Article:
• Struggles with learning a second language or reading music
  • Poor grades
  • Difficulty interpreting maps, gets lost a lot

How to help individuals with dyslexia

Now that you have a key list of warning signs, dyslexia might be slightly easier to diagnose. Once diagnosed, you can begin to help any struggling reader become a proficient one. 

Parents, teachers, and administrators need to work together

Clearly, diagnosing dyslexia is best done when a child is young. This way, the right teaching strategies can be implemented as soon as possible in order for the child to succeed as they move through school and life. 

 

However, it often takes a combination of teachers (spotting the signs at school), parents (recognizing the signs at home), and administrators (ensuring schools and teachers are equipped with the right resources and training programs to best instruct students with dyslexia) so that children with dyslexia are sent down the right path toward becoming successful readers. 

How to best instruct individuals with dyslexia

If you suspect a student has dyslexia, you can make small changes right off the bat to help. If you’re a parent, discuss these options with teachers and administration.

  • Offer extra time for taking tests.
  • Frequent assessment. Track students’ progress to see where they struggle. 
  • Don’t make the student read or spell aloud. This can cause them to panic, hate reading, or create extra stress.
  • Add in multisensory teaching methods. Use audio, visual, kinesthetic techniques when teaching reading.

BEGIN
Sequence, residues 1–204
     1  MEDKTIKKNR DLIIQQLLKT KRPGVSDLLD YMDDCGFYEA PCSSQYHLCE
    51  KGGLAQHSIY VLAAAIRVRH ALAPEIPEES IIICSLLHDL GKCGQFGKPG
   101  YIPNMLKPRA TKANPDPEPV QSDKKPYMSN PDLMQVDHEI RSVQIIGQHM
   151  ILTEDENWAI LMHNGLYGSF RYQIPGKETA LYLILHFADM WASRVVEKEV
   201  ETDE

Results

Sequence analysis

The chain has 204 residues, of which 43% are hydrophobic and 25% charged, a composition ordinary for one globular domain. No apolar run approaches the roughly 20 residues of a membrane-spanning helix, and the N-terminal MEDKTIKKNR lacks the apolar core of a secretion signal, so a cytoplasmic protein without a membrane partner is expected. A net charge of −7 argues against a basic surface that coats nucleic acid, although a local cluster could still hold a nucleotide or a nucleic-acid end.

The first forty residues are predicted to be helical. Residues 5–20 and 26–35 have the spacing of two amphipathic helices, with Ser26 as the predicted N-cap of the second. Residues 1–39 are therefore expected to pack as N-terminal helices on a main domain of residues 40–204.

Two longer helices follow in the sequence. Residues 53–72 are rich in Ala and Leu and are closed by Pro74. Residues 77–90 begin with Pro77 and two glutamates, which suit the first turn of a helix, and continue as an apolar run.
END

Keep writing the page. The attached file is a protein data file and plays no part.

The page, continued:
• Consider implementing a Structured Literacy approach, such as Orton-Gillingham. This will help you to structure and organize literacy concepts and multisensory education strategies. 

Consider the Orton Gillingham Approach

Orton-Gillingham falls under the Structured Literacy umbrella, meaning that the approach focuses on techniques such as phoneme and morpheme awareness, phoneme-grapheme correspondences, orthography, syntax, and semantics to help with the evolution of multisensory structured language learning, extremely apt for anyone with a language-based learning difficulty or disorder such as dyslexia. 

 

In slightly more general terms, the Orton-Gillingham Approach helps students with dyslexia to better recognize and organize all the elements of language. A student with dyslexia may need additional stimulation to best process language, and multisensory approaches can help by connecting and essentially, ‘rewiring,’ the brain to think in a different way, improving their reading, writing, and spelling.

 

The approach can help students better decode words, improving accuracy and fluency when reading. 

 

Help individuals with dyslexia learn to read by mastering the teaching strategies of the Orton-Gillingham Approach. Start with training at Edwards Orton-Gillingham, then apply for certification. For more information or to sign up for an Edwards Orton-Gillingham training course, click here